Solving differential equations to solve physical problems is always fun, but it is never as fun as the situation i am going to present in this note,

Think about the situation shown in the figure, a tiny **block** is moving upon and along a
**rod** that is **hinged** at the middle and can rotate in the vertical plane only,

Firstly you will observe that the rod rotates because the blocks weight has a net torque about it (when it is not at centre)

Let the distance along the rod be measured as 'x' and the angle the rod makes with the horizontal is 'a'

Qualitatively here are the Three situations you will expect would happen

1) The block moves too fast (at t=0) and so it slides off the rod very soon

2) The block moves too slow and comes to rest at the middle (ofcourse this can never practically happen, imagine the limiting case)

3) The block exactly reaches the centre when the rod becomes horizontal and both also reach the extremum at the same time, which means the system will be in oscillatory motion forever

Ok now let us see what The Math of the situation says,,

First let me make some assumptions so the differential equation we have to solve comes out to be simple

namely

1) The angle the rod rotates is very small, and thus this also tells that the systems initial energy is very small and hence we can neglect coriolis and centripetal forces in rotating frame (or their accelerations in ground frame)

2) All motions very slow

While the assumptions greatly limit us, i am forced to do so
but the results are still awesome and **Diverse**

So, Let us analyse -

The torque on the rod is

\(Nx\quad =\quad I\ddot { a } \)

(worry not the directions and signs, they all depend on initial conditions and we can use negative numbers)

(also 'a' is the angle)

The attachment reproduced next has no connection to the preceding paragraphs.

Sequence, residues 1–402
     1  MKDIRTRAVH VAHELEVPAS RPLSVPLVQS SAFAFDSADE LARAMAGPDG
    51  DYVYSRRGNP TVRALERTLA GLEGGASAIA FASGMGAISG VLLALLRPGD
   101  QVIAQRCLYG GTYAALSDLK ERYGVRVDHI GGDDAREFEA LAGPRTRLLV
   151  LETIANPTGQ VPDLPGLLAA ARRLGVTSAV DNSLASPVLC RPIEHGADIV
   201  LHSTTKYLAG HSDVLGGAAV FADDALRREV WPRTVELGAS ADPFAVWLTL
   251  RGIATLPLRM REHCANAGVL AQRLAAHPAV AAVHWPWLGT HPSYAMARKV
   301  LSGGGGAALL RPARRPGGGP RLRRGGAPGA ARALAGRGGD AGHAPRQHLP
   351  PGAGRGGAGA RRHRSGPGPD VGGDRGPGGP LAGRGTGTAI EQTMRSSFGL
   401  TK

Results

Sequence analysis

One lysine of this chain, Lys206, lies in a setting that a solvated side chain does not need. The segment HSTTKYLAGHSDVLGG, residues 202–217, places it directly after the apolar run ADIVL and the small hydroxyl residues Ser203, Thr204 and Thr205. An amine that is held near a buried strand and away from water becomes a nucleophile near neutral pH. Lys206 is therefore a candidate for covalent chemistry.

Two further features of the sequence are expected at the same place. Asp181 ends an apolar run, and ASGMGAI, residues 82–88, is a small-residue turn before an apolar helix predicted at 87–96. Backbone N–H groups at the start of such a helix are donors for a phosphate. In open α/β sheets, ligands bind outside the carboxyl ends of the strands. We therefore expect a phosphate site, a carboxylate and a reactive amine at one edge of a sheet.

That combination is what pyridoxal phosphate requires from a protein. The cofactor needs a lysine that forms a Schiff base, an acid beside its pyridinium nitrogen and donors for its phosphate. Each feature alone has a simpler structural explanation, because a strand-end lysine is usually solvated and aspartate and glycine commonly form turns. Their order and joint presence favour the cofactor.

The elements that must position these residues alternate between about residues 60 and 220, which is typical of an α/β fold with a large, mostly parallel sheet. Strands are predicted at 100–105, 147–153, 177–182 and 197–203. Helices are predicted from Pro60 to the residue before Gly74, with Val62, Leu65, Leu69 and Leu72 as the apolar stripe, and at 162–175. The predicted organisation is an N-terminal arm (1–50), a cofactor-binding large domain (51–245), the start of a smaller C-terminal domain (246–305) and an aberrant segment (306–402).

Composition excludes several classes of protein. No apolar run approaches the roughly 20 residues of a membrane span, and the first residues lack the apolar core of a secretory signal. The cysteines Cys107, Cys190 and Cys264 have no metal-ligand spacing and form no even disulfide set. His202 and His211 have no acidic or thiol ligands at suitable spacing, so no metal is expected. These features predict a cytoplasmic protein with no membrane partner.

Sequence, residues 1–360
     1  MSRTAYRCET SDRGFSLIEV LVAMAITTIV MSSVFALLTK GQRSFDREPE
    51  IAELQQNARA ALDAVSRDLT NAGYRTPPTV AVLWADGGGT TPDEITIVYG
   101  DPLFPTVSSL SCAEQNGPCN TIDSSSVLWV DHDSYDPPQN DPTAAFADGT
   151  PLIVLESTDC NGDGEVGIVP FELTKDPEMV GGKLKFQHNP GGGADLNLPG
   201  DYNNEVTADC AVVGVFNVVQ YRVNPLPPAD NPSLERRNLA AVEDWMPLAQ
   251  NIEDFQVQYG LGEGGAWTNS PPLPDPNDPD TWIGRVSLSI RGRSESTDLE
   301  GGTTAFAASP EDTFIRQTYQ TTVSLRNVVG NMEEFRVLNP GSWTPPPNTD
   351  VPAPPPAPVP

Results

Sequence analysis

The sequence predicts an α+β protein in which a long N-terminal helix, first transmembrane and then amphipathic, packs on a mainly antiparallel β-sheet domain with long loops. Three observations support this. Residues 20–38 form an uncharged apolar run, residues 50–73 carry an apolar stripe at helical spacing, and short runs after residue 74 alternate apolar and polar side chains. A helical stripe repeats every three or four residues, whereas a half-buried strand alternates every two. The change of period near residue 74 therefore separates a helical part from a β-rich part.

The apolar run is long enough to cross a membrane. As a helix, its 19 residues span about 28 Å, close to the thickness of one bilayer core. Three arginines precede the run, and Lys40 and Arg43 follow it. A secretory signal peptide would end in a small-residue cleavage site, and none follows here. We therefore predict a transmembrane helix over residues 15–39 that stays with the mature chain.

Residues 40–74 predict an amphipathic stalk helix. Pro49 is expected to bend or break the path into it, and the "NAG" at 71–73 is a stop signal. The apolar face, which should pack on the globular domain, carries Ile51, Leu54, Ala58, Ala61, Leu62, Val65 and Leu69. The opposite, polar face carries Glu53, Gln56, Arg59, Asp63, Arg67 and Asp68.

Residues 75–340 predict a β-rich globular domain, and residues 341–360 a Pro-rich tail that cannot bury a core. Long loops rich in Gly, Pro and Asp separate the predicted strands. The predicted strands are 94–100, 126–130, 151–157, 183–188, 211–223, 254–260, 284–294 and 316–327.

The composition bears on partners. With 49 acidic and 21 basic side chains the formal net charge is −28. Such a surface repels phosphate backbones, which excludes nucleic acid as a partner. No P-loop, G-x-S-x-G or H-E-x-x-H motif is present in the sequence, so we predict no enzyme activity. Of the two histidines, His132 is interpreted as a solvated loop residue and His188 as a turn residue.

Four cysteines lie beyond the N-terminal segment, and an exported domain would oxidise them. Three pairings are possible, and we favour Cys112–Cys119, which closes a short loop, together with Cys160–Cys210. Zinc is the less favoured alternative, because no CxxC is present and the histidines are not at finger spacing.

Now, for small angles, the normal reaction is roughly the weight of the block itself,

hence

\(Nx\quad =\quad I\ddot { a } =mgx\)

Now the force on the block along the rod assuming no friction is

\(mgsin(a)-m{ w }^{ 2 }x=m\ddot { x } \simeq \quad mga\)

Now to solve the two equations, i differentiate second one twice and substitute to get

\(\\ m{ g }^{ 2 }x\quad =\quad I\ddddot { x } \\ \\ m{ g }^{ 2 }a\quad =\quad I\ddddot { a } \)

Solving them yields me

\(x\quad =\quad A{ e }^{ wt }+B{ e }^{ wt }+Csin(wt+D)\\ \\ a\quad =\quad A{ e }^{ wt }+B{ e }^{ wt }+Csin(wt+D)\)

where \(w=\left( \frac { m{ g }^{ 2 } }{ I } \right) ^{ \frac { 1 }{ 4 } }\)

Which tell me all the information i need,

Now observe, if A and B are 0 as per initial conditions,

, Then the rod executes simple harmonic motion along with the block ,

If C and D and B are 0, then Quickly the block acquires enormous speed and distance and the block flies off or slides off (technically this is wrong as under my approximation this is impossible)

and motion dies off if A=C=D=0 as it exponentially decays

and there are several other cases, by setting some initial conditions, you can easily check it.

## Comments

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TopNewestThis Interesting Situation , And I want to analyse it ! And Then Join the Discussion ! – Deepanshu Gupta · 1 year, 9 months ago

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– Mvs Saketh · 1 year, 9 months ago

yes please analyse it, and do try to solve it without approximation, which seems too complex for me,,Log in to reply

@Mvs Saketh – Ronak Agarwal · 1 year, 9 months ago

I thought exactly the same situation some months ago and wanted to make a question on it but can't because of the so complex differential equation, but you did good job with the approximations, I didn't even thought about making approximations and then analysing the situation.Log in to reply

– Mvs Saketh · 1 year, 9 months ago

making approximations seems reasonable to me as far as the question will be about SHM, cause we dont expect SHM beyond the "slightly displaced" zone anywayLog in to reply

– Deepanshu Gupta · 1 year, 9 months ago

I gave up, I make all Possible efforts But Fails every time! It is Too too complex for me too ! Your Approximations are great! Now I feel that how Little I know about "how to solve an diff. equation "!Log in to reply

– Mvs Saketh · 1 year, 9 months ago

Actually i saw a similar question in the US physics team webpage, where the same question was posted except we were to assume that they are performing SHM and find the condition, and even there approximations were allowed however as we could directly assume SHM so one doesnt have to solve any differential equation,, but then when i analysed the differential equation , all these extra terms showing different kinds of motion than just SHM turned up But yes as you said actual differential equation is way too complex.Log in to reply

– Deepanshu Gupta · 1 year, 9 months ago

agreed !Log in to reply